Our ability to think, decide, remember recent events and more, comes from our brain’s neocortex. Now, a team of UCI neuroscientists has discovered key aspects of the mechanisms behind these functions. Their findings could ultimately help improve treatments for certain neuropsychiatric disorders and brain injuries. Their study appears in Neuron.
Scientists have long known that the neocortex integrates what are called feedforward and feedback information streams. Feedforward data is relayed by the brain’s sensory systems from the periphery (our senses) to the neocortex’s higher order areas. These high-level brain regions then send feedback information to refine and adjust sensory processing. This back-and-forth communication allows the brain to pay attention, retain short-term memories, and make decisions.
“A simple example is when you want to cross a busy road,” said corresponding author Gyorgy Lur, Ph.D., “There are trees, people, moving vehicles, traffic signals, signs and more. Your higher-level neocortex tells your sensory system which merit attention for deciding when to go across.”
The interaction between higher- and lower-level systems also allows us to remember what you saw when you glanced both ways to gather the information. “If you didn’t have that short-term memory, you would just keep looking back and forth and never move,” he said. “In fact, if our feedforward and feedback streams weren’t constantly working together, we would do very little except respond by reflexes.”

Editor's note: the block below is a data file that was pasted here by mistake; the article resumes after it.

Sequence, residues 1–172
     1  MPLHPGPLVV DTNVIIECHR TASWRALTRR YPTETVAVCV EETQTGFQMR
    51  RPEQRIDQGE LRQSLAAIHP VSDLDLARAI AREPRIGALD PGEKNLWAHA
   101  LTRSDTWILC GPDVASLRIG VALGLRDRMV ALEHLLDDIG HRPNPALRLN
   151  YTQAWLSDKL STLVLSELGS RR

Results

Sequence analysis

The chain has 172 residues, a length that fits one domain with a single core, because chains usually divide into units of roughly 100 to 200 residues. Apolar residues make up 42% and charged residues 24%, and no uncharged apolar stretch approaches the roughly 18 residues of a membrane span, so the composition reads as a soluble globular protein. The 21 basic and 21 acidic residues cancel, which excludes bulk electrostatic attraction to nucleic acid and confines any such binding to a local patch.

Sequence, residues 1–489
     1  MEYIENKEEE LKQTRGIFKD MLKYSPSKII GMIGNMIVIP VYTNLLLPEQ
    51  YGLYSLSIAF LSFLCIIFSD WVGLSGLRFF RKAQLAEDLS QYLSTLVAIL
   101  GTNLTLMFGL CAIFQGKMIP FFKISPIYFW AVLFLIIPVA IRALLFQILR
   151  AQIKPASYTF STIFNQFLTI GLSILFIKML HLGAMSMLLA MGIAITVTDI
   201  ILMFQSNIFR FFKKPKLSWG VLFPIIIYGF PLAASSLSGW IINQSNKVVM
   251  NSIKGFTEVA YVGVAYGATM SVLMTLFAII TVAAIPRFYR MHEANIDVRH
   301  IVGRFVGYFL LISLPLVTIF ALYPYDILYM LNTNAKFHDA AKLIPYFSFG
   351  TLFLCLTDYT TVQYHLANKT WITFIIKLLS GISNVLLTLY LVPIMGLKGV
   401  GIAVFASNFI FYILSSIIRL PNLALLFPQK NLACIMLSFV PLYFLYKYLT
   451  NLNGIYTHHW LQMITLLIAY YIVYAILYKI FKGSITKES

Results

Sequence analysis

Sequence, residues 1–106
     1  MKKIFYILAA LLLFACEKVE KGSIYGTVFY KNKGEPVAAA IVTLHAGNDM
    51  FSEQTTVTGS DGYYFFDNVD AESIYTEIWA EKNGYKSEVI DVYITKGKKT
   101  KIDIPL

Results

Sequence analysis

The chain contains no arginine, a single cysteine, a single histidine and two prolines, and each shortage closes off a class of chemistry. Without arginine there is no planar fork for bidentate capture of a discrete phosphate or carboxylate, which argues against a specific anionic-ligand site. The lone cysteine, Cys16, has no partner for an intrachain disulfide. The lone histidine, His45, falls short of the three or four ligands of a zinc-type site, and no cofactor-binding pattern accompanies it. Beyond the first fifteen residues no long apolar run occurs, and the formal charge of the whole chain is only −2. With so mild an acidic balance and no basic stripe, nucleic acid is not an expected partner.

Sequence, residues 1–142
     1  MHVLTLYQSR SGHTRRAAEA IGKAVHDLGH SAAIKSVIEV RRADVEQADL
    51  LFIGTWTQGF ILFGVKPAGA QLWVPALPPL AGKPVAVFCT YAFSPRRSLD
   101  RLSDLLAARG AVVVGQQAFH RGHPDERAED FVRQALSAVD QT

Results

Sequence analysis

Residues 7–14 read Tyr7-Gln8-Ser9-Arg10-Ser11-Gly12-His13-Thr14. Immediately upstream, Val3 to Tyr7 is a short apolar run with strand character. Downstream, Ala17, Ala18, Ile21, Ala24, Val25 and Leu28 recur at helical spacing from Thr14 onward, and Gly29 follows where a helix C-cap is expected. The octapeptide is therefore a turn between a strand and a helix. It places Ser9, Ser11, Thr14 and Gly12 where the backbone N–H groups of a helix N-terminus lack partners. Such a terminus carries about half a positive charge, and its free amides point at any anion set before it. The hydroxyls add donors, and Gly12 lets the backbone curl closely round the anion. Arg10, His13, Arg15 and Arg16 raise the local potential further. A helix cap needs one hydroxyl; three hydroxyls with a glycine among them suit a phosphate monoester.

Until now, scientists have not been sure how neurons in the brain participate in these complex processes. Lur and his colleagues discovered that feedforward and feedback signals converge onto single neurons in the parietal regions of the neocortex. The researchers also found that distinct types of cortical neurons merge the two information streams on markedly different time scales and identified the cellular and circuit architecture underpinning these differences.
“Scientists already knew that integrating multiple senses enhances neuronal responses,” Lur said. “If you only see something or just hear it, your reaction time is slower than when experiencing them with both senses simultaneously. We’ve identified the underlying mechanisms making this possible.”
He noted that the study data suggests the same principles apply if one information stream is sensory and the other is cognitive.
Understanding these processes is critical for developing future treatments for neuropsychiatric ailments like sensory-processing disorders, schizophrenia and ADHD, as well as for strokes and other injuries to the neocortex.
Lur is a fellow of the Center for the Neurobiology of Learning and Memory, the Center for Neural Circuit Mapping and the Center for Hearing Research at UC Irvine.
Ph.D. candidate Daniel Rindner, who performed all neuronal recordings and biological tissue work, served as the paper’s first author. Archana Proddutur, Ph.D., a postdoctoral scholar in the lab and second author on the paper, conducted computational modelling that led to the mechanistic understanding of the processes integrating sensory and cognitive information streams. Their research was supported by the Whitehall Foundation, National Institute of Mental Health, National Institute of Neurological Disorders and Stroke, and National Institute on Deafness and Other Communications Disorders.
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